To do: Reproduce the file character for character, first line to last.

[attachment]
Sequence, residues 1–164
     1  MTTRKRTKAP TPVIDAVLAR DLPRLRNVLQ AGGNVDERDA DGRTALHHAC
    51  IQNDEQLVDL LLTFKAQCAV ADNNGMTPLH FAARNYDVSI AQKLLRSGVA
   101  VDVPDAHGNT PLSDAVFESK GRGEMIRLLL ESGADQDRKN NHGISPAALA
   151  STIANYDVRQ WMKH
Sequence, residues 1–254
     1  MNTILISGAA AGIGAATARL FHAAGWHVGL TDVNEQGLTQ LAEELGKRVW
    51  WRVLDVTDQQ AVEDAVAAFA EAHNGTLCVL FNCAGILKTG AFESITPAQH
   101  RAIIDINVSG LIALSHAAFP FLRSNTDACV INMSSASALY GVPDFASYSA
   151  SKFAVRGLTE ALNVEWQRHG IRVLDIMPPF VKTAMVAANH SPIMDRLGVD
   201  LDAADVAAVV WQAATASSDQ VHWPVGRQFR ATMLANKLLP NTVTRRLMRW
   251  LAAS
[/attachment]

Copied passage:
Sequence, residues 1–164
     1  MTTRKRTKAP TPVIDAVLAR DLPRLRNVLQ AGGNVDERDA DGRTALHHAC
    51  IQNDEQLVDL LLTFKAQCAV ADNNGMTPLH FAARNYDVSI AQKLLRSGVA
   101  VDVPDAHGNT PLSDAVFESK GRGEMIRLLL ESGADQDRKN NHGISPAALA
   151  STIANYDVRQ WMKH
Sequence, residues 1–254
     1  MNTILISGAA AGIGAATARL FHAAGWHVGL TDVNEQGLTQ LAEELGKRVW
    51  WRVLDVTDQQ AVEDAVAAFA EAHNGTLCVL FNCAGILKTG AFESITPAQH
   101  RAIIDINVSG LIALSHAAFP FLRSNTDACV INMSSASALY GVPDFASYSA
   151  SKFAVRGLTE ALNVEWQRHG IRVLDIMPPF VKTAMVAANH SPIMDRLGVD
   201  LDAADVAAVV WQAATASSDQ VHWPVGRQFR ATMLANKLLP NTVTRRLMRW
   251  LAAS